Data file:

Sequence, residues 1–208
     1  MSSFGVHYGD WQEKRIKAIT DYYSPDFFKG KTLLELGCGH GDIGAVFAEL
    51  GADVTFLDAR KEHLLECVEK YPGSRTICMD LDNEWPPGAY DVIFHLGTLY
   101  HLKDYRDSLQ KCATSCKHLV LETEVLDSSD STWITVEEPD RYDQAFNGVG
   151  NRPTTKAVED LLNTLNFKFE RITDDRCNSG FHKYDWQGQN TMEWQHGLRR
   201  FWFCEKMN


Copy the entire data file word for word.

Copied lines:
Sequence, residues 1–208
     1  MSSFGVHYGD WQEKRIKAIT DYYSPDFFKG KTLLELGCGH GDIGAVFAEL
    51  GADVTFLDAR KEHLLECVEK YPGSRTICMD LDNEWPPGAY DVIFHLGTLY
   101  HLKDYRDSLQ KCATSCKHLV LETEVLDSSD STWITVEEPD RYDQAFNGVG
   151  NRPTTKAVED LLNTLNFKFE RITDDRCNSG FHKYDWQGQN TMEWQHGLRR
   201  FWFCEKMN